A Glasgow-based product design and development consultancy, Wideblue, has developed a potentially groundbreaking new medical device which monitors respiratory health.
The device, known as N-Tidal, is a small, battery-powered personal capnometer, which is used to measure the amount of carbon dioxide in exhaled breath. Changes in CO2 concentration as a patient breathes in and out through the device can be used to assess the health of someone’s lungs.
Wideblue developed the device on for Cambridge Respiratory Innovations Limited (CRiL), a digital health company which specialises in cardio-respiratory health.
Normally, capnometers used at hospitals across the country are large machines located next to a patient’s bed. They are also connected to a patient’s face mask or a sensor located in life support equipment. Wideblue’s device, however, aims to compact and simplify this technology to such a point that a hand-held, battery-powered device could be developed for use by patients at home, by GPs or respiratory specialists.
- What sets Scotland apart during the tech sector jobs boom?
- ‘Code the City’ seeks to stamp out pollution in Aberdeen
- Digital agencies team up to train Scotland’s future leaders
The device uses infra-red optics to measure CO2 levels as the patient breathes, capturing data from sensors, analysing the breath record and wirelessly transmitting data so health practitioners can monitor a patient’s respiratory health.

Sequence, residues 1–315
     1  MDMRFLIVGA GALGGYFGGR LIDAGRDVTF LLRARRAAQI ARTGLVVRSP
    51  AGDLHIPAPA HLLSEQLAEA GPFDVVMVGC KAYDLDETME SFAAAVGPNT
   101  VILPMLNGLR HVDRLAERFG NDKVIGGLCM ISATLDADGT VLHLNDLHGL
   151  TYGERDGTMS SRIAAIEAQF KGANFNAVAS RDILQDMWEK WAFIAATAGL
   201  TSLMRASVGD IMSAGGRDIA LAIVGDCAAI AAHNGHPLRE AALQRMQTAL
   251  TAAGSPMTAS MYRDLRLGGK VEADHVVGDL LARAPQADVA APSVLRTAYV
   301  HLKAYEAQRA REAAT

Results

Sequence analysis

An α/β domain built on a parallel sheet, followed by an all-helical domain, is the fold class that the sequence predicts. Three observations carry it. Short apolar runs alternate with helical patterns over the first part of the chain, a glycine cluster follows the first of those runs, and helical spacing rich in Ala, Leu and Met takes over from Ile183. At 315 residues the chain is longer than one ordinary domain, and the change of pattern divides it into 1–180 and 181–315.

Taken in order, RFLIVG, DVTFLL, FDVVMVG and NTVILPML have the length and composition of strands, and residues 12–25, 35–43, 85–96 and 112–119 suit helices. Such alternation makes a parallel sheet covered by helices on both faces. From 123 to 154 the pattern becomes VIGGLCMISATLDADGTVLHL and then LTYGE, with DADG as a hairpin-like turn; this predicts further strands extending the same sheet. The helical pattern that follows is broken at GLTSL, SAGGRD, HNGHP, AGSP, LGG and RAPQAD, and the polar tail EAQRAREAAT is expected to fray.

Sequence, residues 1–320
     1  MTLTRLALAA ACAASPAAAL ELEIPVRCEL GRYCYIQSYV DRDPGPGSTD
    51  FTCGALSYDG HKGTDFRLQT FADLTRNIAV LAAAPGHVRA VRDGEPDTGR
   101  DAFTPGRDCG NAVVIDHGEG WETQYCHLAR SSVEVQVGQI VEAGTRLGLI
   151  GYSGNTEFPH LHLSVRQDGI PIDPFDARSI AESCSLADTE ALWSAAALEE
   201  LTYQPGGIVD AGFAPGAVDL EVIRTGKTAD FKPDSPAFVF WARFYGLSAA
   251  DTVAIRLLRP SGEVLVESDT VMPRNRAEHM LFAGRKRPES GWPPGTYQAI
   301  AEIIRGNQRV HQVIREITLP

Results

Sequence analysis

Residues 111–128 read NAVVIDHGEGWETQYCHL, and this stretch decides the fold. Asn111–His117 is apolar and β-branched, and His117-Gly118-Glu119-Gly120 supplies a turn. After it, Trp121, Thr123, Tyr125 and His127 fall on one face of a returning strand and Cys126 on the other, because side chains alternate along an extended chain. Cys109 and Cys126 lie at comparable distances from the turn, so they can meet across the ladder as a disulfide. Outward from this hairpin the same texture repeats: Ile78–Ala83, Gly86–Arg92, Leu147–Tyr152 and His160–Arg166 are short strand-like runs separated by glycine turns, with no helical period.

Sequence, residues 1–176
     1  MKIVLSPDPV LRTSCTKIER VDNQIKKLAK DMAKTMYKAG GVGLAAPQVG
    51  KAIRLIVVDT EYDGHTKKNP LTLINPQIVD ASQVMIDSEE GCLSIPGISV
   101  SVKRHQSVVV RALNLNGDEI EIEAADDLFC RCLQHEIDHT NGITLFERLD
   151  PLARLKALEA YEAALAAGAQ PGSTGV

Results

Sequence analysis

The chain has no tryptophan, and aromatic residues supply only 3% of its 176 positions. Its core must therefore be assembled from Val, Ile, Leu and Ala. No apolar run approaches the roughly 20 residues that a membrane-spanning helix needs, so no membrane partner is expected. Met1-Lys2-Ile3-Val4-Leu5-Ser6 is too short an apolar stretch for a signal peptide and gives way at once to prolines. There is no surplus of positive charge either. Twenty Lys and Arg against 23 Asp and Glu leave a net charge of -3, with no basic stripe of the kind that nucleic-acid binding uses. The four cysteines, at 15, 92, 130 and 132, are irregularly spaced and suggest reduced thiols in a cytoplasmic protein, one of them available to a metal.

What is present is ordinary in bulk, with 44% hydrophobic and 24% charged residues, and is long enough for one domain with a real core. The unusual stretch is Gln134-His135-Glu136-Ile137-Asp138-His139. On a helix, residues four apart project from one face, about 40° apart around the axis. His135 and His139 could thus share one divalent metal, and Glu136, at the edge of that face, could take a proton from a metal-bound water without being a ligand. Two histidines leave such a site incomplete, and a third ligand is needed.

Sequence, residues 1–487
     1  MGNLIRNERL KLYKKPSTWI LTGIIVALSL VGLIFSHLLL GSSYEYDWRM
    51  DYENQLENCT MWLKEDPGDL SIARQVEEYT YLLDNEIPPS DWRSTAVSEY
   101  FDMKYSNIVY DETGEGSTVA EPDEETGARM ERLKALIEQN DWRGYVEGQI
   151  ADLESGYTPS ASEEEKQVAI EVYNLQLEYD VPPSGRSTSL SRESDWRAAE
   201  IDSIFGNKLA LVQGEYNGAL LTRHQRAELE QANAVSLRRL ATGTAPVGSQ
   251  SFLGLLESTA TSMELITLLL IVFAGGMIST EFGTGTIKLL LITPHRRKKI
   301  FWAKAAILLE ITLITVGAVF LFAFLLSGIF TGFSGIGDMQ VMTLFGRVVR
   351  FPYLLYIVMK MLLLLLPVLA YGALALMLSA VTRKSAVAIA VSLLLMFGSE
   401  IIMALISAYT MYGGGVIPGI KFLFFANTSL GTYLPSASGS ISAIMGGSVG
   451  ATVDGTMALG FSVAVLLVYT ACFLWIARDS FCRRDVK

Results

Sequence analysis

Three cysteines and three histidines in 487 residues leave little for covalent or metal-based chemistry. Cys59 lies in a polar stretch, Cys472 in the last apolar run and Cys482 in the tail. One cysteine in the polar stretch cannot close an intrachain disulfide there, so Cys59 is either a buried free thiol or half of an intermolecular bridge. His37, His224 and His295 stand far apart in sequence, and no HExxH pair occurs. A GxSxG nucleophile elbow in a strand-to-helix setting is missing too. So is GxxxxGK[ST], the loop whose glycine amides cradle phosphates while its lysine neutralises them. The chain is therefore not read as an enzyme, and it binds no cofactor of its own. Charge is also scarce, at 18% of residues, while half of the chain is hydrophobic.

N-Tidal is used by simply breathing in and out through the breathing tube in a normal, relaxed manner, and features a replaceable breath tube with an integrated infra-red window, which means that the device can be used by multiple patients and prevents cross-contamination.
Within seconds of use, patients or health practitioners are met with a traffic light-style system on the device, which tells the user the health status of their lungs. If necessary, the device can also indicate whether a follow-up message or call for further treatment is required.
Audible and visual prompts are also available during use, while the mouthpiece is sized to fit all ages; enabling use on children and adults alike.
Wideblue Managing Director, Russell Overend, said the device could prove to be crucial for treating patients with conditions such as asthma or chronic obstructive pulmonary disease (COPD).
“As the first device of its kind, the personal capnometer had to be intuitive and simple to use. The device is to be used by patients with respiratory-related diseases such as asthma, COPD and CHF,” he said.
“Early clinical results show that the data from the device can be used to predict attacks or exacerbations in advance by measuring changes in CO2 profiles. Doctors can then device if a change in medication is required to prevent an attack.”
The device is currently undergoing clinical and user trials, Overend added, and has already produced “superb clinical results.”
Subject to the successful completion of the trials, and regulatory approvals, he said the company could expect units to go into commercial production in 2020.